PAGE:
What are smiths bits?

edited August 2018 in Q&A

Perhaps someone can enlighten me and explain about smiths bits. Is it about the shape of the drill bit? I know that with screwdrivers, you get flat head and cross head, some people call the crossheads 'Phillips screwdrivers'. Is that the case with smiths bits? Are they a different shape to normal drilling bits?

Some background: I've got myself a job as a rig hand, and have so many questions to ask. I notice that when I ask my supervisors or co-workers, I often get roasted for asking such simple/stupid questions. I know that ribbing is part of the life of a newbie in most industries, and manual professions are the worst!

So, what I plan to do, is ask some of my questions here at Natrespro. The bosses can delete anything they want and I won't mind, and at least any 'shred ripping' won't be done in person lol. If I'm wondering about who the mystery smith is, others might too?


  • Hmm... I see that you've been a rookie more than once. Don't worry Bryce, we promise that you'll only get teased a little bit here. Firstly, let's undo a previous wind up. I suspect that if you worked in a manual job before, and tried to use other peoples equipment, you would have been warned.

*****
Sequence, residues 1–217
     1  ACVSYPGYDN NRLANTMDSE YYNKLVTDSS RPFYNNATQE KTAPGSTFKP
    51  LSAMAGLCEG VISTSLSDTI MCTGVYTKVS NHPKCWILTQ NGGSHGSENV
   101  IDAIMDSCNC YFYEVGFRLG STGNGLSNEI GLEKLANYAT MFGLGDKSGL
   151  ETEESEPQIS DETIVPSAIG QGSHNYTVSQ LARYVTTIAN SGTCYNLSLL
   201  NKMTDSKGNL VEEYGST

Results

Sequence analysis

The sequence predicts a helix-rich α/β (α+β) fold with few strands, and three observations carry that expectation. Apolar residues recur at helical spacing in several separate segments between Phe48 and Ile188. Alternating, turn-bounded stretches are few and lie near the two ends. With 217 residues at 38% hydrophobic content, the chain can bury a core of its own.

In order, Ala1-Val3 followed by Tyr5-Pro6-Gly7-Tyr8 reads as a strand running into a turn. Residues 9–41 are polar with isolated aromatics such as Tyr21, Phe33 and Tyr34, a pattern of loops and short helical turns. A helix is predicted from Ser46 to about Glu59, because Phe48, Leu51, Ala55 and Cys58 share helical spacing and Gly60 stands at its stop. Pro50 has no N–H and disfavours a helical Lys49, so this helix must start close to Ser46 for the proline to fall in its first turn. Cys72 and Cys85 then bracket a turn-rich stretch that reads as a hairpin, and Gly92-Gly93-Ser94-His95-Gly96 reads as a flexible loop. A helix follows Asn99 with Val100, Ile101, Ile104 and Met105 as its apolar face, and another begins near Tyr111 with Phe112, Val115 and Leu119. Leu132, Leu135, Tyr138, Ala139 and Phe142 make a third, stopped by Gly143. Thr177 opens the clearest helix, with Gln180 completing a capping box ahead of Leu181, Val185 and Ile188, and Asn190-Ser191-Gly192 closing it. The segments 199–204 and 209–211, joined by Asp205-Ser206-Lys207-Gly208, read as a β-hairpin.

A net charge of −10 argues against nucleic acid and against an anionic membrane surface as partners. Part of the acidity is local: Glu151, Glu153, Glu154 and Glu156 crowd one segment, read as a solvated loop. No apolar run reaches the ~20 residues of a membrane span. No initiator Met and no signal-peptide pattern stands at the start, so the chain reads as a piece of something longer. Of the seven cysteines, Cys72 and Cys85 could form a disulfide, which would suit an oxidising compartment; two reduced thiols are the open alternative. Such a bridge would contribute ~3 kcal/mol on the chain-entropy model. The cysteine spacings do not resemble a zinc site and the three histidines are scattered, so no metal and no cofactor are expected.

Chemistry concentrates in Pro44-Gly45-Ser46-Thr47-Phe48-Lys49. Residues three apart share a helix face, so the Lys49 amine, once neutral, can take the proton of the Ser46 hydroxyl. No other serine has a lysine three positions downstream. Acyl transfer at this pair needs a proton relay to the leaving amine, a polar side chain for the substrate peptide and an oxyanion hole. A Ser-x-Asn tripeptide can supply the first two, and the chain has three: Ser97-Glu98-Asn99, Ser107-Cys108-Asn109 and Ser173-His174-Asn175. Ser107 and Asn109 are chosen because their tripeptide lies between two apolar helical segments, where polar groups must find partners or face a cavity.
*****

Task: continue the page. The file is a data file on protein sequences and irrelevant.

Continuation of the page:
It's highly likely that when you had your eyes focussed on that shiny new screwdriver (that would look better in your toolbox), that it really was Phillips screwdriver! There are only cross heads and flatheads, then some custom ones that allow car companies to charge huge fees for servicing (try to find a star headed screwdriver, the right size, and with the correct number of stars!).

    The screwdriver that you tried to get your hands on was literally Phillips! Other newbs have experienced the same when they have tried to get their hands on a 'Bobs screwdriver' or even made a grab for 'Howard's bits'.

    Hehe, couldn't resist! That roasting was much easier than in person right Bryce?

    Smith bits were a line of tools created by Smiths International. It was a blacksmiths shop that turned into a fortune 500 company. What became Smiths International was created in 1902 by Herman C. Smith, eventually bought by Schlumberger in 2010 for 11.3 billion.

    As with many takeovers, mergers and acquisitions, the original branded products and services keep their memorable name after a change of ownership.

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